Bali Travel Guide
Updated: Aug 18, 2020
It’s the combination of surfing, spirituality and beaches that has flocks of yogis, bohemian nomads and Eat Pray Lovers traveling to the Indonesian island of Bali. Tourism tripled in the past decade because of social media influencers, which resulted in over 6 million+ visitors traveling to Bali this past year. New hotels, yoga retreats, and commercial strips line the beaches from Uluwatu in the south to Ubud in the center. Despite the congestion, you can still discover the jungle forests, peaceful rice terraces, black-sanded beaches and spiritual temples on the “Island of the Gods” - you just have to know where to look!
I decided I'd celebrate another trip around the sun, my 35th birthday, in a country where my Oma (grandmother) was born, in the hopes I would be awakened or rather renewed in Ubud, Bali's ancient healing center (Ubud means “medicine”).
How long to Go:
My trip consisted of 13 days. I think a well-rounded trip would include at least a week in the spiritual hub of Ubud (with a day trip to the island of Nusa Penida), two to three nights to relax in Uluwatu, ending in the boho-chic beach town of Canggu for another two to three nights. Many people told me to make Canggu or Seminyak as my home base, but I’m so happy I stayed in the heart of Bali for an extended period of time rather than the busier beach towns. Don’t get me wrong, Canggu and Seminyak has a lot to offer for those looking for bars, beach clubs and trendy restaurants.
When to Go:
It’s recommended to avoid August, as it’s one of the busier times. Bali’s tropical climate varies by wet season (October to April) and dry (May to September), with temps in the 80s. You can also look into experiencing Nyepi, the Balinese New Year (the day when all lights are shut off and activity silenced) apparently it can be life-changing.
Getting There and Around:
Cathay Pacific flies to Denpasar from the West Coast via Singapore and Hong Kong, and Emirates has routes from the East Coast through Dubai. Once there, taxis/private drivers are plentiful, and hiring one for a day will barely cost you $50. A motorbike is the fastest way to navigate through Bali’s two-lane roads; you’ll see kiosks in every town renting scooters for less than $20 a day, but it’s wildly dangerous if you don’t have experience riding a motorbike.
Tipping is not culturally customary, but recommended.
Don’t drink the water.
The island has around 1,200 spas. Traditional Balinese massage is, of course, a must!
Vegan restaurants are everywhere.
1000+ temples are found in Bali.
Don’t do these things at a temple:
Have the soles of your feet pointing at the altar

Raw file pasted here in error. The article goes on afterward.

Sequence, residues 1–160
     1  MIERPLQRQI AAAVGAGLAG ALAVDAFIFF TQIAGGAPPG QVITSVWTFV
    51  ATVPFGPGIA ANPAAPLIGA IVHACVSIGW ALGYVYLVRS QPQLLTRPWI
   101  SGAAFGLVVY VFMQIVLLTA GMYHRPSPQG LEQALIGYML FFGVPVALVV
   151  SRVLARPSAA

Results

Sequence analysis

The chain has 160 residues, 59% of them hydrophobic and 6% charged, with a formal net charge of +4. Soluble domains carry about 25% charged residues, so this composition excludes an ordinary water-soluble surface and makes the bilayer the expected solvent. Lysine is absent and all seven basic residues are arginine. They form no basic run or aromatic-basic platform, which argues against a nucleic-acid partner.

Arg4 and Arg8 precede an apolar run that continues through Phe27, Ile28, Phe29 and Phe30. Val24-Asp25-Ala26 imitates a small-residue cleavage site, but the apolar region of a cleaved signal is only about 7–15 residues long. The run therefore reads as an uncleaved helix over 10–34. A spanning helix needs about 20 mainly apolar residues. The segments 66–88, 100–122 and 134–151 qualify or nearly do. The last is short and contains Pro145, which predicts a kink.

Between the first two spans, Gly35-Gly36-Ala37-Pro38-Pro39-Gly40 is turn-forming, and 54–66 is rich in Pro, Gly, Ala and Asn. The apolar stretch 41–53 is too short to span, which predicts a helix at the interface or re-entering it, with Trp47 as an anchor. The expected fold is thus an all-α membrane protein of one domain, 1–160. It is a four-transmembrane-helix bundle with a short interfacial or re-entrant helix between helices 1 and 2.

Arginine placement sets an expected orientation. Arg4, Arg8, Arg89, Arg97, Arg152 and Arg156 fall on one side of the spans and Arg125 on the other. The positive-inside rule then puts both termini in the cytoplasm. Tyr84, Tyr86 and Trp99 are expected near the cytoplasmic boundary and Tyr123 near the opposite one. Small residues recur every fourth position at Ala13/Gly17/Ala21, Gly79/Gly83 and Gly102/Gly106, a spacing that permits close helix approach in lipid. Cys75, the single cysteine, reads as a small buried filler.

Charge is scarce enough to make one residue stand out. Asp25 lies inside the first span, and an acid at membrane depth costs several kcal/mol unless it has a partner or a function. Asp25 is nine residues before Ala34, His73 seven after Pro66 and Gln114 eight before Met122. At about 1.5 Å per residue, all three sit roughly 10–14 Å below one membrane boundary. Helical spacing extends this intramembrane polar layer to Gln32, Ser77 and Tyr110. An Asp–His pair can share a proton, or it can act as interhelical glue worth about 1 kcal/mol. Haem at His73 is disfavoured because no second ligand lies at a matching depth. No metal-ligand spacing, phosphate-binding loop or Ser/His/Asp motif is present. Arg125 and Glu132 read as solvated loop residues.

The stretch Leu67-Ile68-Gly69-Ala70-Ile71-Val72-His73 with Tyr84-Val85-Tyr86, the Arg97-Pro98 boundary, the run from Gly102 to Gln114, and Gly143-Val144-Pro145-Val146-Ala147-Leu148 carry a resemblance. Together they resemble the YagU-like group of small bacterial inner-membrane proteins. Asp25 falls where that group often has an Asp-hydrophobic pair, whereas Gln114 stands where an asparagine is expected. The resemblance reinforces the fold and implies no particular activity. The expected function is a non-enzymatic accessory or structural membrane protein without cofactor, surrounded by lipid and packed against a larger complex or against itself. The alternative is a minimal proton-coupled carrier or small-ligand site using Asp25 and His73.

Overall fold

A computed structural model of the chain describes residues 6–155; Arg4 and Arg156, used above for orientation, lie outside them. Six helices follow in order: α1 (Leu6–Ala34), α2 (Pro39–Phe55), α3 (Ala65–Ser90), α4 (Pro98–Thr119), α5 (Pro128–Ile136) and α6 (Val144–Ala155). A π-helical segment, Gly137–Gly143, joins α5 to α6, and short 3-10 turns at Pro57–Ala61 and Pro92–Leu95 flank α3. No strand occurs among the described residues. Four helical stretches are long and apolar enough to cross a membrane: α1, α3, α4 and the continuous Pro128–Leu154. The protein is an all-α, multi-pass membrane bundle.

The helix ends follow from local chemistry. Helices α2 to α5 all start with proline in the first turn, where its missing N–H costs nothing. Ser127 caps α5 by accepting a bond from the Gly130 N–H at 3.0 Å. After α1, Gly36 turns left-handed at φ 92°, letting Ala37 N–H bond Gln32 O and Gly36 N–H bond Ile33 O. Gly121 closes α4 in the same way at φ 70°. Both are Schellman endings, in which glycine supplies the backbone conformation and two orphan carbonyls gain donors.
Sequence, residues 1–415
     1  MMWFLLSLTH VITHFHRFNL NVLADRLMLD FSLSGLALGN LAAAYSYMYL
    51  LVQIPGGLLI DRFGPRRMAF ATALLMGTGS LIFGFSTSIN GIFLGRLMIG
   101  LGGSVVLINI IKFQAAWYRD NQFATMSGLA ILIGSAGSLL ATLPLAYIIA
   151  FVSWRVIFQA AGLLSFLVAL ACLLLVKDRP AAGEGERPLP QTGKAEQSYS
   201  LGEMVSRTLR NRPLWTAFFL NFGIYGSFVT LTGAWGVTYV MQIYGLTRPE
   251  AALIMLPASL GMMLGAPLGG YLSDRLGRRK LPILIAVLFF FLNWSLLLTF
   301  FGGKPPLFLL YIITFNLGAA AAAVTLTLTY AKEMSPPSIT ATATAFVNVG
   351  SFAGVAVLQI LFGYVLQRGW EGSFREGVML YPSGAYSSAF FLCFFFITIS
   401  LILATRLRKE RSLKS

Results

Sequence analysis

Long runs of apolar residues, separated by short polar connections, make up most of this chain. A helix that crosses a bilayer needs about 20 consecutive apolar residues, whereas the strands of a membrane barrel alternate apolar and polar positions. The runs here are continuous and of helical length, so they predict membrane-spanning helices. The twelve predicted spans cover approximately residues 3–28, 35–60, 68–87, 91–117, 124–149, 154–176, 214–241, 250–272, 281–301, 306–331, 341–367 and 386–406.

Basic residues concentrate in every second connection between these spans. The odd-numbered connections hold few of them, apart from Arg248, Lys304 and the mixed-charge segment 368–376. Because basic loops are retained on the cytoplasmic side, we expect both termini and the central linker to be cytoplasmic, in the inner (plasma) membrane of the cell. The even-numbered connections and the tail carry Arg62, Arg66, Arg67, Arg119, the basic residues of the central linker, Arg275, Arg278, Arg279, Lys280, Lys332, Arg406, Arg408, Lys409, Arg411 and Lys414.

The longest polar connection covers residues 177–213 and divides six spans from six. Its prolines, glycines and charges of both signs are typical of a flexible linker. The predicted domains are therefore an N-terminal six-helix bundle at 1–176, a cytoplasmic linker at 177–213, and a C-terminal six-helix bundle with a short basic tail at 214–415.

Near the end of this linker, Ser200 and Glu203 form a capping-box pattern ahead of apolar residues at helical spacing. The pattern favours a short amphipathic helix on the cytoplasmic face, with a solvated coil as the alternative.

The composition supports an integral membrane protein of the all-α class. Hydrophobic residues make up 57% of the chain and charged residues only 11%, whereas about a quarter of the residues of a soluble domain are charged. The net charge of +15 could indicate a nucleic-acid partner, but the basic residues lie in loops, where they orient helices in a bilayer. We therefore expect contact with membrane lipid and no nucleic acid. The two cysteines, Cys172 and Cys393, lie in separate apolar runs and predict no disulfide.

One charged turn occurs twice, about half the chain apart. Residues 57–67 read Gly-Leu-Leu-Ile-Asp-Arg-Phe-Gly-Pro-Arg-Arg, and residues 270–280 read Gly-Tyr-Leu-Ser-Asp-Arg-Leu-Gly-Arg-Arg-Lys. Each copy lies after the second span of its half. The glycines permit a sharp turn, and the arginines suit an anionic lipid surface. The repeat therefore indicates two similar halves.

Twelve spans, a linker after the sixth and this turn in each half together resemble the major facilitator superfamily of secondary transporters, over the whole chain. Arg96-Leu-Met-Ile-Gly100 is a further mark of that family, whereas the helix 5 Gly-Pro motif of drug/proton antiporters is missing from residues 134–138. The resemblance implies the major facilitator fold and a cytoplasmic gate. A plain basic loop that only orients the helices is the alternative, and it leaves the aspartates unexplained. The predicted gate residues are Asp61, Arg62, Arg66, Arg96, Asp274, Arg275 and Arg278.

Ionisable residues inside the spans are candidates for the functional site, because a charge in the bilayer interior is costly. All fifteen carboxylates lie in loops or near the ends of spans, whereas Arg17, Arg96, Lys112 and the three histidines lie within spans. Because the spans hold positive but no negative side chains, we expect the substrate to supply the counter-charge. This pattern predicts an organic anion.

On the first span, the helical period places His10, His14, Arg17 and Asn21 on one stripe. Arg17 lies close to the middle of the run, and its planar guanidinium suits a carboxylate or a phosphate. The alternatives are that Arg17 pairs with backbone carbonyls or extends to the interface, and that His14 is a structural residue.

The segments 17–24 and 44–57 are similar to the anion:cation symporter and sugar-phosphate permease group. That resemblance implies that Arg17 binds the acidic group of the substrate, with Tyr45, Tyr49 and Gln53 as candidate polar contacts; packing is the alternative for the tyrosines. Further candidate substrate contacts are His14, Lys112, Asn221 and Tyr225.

Point at things, especially statues
Be improperly attired (you must wear a long sarong and cover your shoulders
Be loud or irreverent
Stand higher than the priest
Have an uncovered wound
Be visibly pregnant
Balinese people will usually possess one of the 4 first names: Wayan, Made, Nyoman, or Ketut. Translated, these mean ‘first born,’ ‘second born,’ ‘third born,’ and ‘fourth born.’
Although Indonesia is primarily a Muslim country, the main religion in Bali is actually Hindu. Christian and Muslim religions do exist, but Hinduism covers around 84% of the population.
1 Indonesian Rupiah equals 0.000072 United States Dollar.
Religion in Bali is primarily Hindu (90%), but Muslim is practiced in the rest of Indonesia.
Bali’s spiritual heart is set in the tropical forest, an hour from the airport. As crowded as Ubud can get, you’re only minutes from authentic villages and peaceful temples and rice fields. One of our favorite visits was to Tirta Empul, a temple where locals and tourists participate in a ritualistic cleansing. You can rent a sarong for less than $1 at the temple.
We started our trip in a two bedroom private villa overlooking the jungle at Kamandalu Ubud Hotel. (Located 20 minutes from the center of town). We enjoyed massages, morning yoga and Instagram worthy floating breakfasts.
Following Kamandalu, we stayed at the hidden sanctuary Zen Hideaway #2. It was a magical escape with waterfall and rice field views from your very own open air treehouse inspired sanctuary. Zen Hideaway built from reconstructed teak-wood from Sumbawa Island—a neighboring island to Bali. The home is rustic and open to the elements.
Our final stay was at Villa Santun, where we stayed in an executive suite with a large pool and rice paddie views. The boutique hotel was one of our favorite locations - small, intimate, fantastic hospitality, free wi-fi, complimentary shuttles and fantastic authentic cuisine.